The main road from Roebourne to Cossack continues past the town of Wickham and the Cape Lambert iron ore port (operated by Pilbara Iron), and terminates at the fishing town of Port Samson. The townsite is not visible from the main road and only becomes apparent as the road rounds Nanny Goat Hill.
The site of the former town is defined by Nanny Goat Hill, Tien Tsin Lookout, the hilly ground to the north-east and north-west, and Butchers Inlet to the east and south-east. Past the townsite, the road winds up to the Reader Head Lookour, from which sweeping view of the surrounding coastline can be seen. Many of the building in Cossack are listed by the National Trust. The erstwhile Tien Tsin Harbour is now known as Port Walcott.
Post-contact history: In May 1863, Walter Padbury landed his stock at the mouth of the Harding River near the present site of Cossack. The town was first known as Tien Tsin Harbour, after the barque that carried Padbury and his party. Th ship that brought the State's Governor, Frederick Weld, in December 1871, was named HMS Cossack and the town adopted this name in 1872. Cossack was the first port in the north-west of Western Australia and was critical to the development of the pastoral industry in the region.
Cossack wharf on the Harding River:
Pearling: In 1866 the town of Roebourne was declared. and the pearling industry began in the region. Cossack was the birthplace of Western Australia's pearling industry and was the home of the colony's pearling fleet until the 1880s. Many small boars off the Port Walcott coat dived for pearl shell during the 1860s using Aboriginal labour, including women and children. By early 1869, there were 14 small vessels pearling in the area, with an average crew of three Eueopeans and six Aboriginals.
By the early 1870s up to 80 luggers were operating in the area. The pearling industry also attracted a large Asian population and by 1895 there were 989 Malays and 493 Aboriginals employed on 57 vessels at Cossack. The high number of Asians in the industry, including Japanese and Chinese as well as Malay, led to the establishment of an Asian quarter known as "Chinatown".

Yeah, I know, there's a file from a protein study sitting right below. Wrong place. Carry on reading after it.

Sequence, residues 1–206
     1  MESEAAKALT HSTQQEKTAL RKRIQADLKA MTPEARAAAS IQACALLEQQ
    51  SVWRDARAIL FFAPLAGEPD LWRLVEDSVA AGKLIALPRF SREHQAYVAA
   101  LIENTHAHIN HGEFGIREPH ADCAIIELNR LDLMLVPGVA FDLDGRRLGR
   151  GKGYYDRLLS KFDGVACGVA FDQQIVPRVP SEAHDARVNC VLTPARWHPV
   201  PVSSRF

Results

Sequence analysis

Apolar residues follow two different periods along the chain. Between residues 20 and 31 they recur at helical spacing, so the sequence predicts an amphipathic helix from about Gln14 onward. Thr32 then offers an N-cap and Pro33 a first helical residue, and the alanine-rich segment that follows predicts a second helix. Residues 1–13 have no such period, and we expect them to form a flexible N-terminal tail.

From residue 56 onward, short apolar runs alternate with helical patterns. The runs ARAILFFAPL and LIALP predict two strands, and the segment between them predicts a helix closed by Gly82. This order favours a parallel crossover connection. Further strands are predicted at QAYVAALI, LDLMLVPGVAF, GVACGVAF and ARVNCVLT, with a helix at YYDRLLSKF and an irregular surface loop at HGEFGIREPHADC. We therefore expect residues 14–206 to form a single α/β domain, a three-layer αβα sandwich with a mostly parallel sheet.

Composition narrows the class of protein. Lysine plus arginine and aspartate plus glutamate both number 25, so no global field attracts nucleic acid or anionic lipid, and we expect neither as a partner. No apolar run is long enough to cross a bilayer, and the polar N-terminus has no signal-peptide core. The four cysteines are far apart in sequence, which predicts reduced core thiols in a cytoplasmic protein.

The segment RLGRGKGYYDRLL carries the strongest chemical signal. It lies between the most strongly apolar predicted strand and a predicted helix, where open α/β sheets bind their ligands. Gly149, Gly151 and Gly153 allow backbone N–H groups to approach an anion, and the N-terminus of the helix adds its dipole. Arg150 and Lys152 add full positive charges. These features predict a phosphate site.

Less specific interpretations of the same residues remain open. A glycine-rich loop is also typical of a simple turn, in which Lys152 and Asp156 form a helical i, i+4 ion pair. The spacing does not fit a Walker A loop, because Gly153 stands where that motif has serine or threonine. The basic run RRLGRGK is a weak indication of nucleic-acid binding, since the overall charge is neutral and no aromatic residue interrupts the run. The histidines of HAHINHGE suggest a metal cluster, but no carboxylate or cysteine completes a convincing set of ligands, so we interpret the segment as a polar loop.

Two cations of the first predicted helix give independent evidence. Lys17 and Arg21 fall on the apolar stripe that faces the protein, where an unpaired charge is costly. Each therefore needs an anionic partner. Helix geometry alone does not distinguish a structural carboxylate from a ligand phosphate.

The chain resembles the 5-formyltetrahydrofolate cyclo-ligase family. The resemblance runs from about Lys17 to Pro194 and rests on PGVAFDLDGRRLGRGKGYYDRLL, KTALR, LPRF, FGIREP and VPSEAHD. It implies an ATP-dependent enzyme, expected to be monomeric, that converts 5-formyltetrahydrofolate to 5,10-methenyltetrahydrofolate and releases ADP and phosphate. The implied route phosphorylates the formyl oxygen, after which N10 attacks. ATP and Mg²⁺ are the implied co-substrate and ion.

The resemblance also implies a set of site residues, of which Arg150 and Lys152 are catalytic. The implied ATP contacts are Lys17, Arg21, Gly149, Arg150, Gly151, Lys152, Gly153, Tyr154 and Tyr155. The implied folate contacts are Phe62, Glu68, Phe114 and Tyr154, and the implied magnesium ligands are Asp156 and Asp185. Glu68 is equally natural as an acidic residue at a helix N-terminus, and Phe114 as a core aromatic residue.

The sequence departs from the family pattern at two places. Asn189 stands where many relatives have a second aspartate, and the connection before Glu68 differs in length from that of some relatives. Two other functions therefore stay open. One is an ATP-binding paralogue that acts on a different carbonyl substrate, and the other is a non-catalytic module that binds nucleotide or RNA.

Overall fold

In 1881 a cyclone damaged the town, an every pearling vessel then operating either foundered or was beached. In 1885, 44 vessels were operating out of Cossack. In that year a parliamentary select committee recommended the closure of several pearling banks in the area due to depletiong. In 1886, the main pealing industry moved to Broome.
Causeway and Tramway: During the 1870s, a causeway was built across the tidal salt flats that separate Cossack from the main road and this causeway still forms the only access to the town from land. Carting wool from Moolina Station to Balla Balla north of Cossack:
A horse-drawn tramway between Roebourne and Cossack was completed in 1887, the same year that the municipality of Cossack was declared, and the north-west gold rush commenced.
Cossack in 1898:
Heritage Buildings: The main stone buildings were constructed in the 1880s. Administrative and other public buildings built there in the 1890s continued a style adopted by the emerging state; these have been surveyed by state heritage groups and determined to be architecturally and historically significant.
Decline of the Township: Following the move of the pearling industry to Broome and the decline of the gold rush, the population dwindled. The harbour proved unsuitable for the larger ships of the early 20th century. Between 1902 and 1904 a jetty was constructed at the nearby halet of Point Samson and in 1920 the port moved there and the municipality of Cossack was dissolved. In 1913 a leprosarium was established on the other side of the river, moving to Darwin in 1930. Wool bales and pearls would be loaded on to a lighter for transport to ships 3 miles off shore whih would take the cargo to England. Inhabitants of the town in the early twentieth century included greeks and other Europeans, jamanese, Malays, Timorese, Koepangers and Aru Islands.
The region is subjected to violent storms and cyclones and was severely damaged at different times in its history. Its use as a port for the profitable pearling industry and other economic booms saw investment and backing from Perth and it remained an important northern port. The town was abandoned after the 1940s, leaving substantial stone buildings in a state of disrepair. The state government established a survey in 2007, into the potential for restoration and revitalisation of this remote town.
*Cemetery: Cossack contains a small cemetery comprising separate European and Japanese precincts.
The pearling industry of the 19th century was notably dangerous, with many pearlers losing their lives. Those buried in the Japanese cemetery were mainly divers and others involved with the pearling industry; others, including many Aborigines, were lost at sea. The first internment in the cemetery i believed to have taken place in 1869, when a man died while walking to Port Walcott in the heat of January and was buried in Cossack.
There are at least 41 Europeans and 7 Japanese buried there, with the last internment recorded in 1915. Those buried there include William Shakespeare Hall.
*I can remember mum talking about visiting Cossack and other north-west towns on a tour of the top end of W.A. and she said it made her sad to see a number of graves belonging to babies and children which made her realise what a hard life it must have been there so many years ago.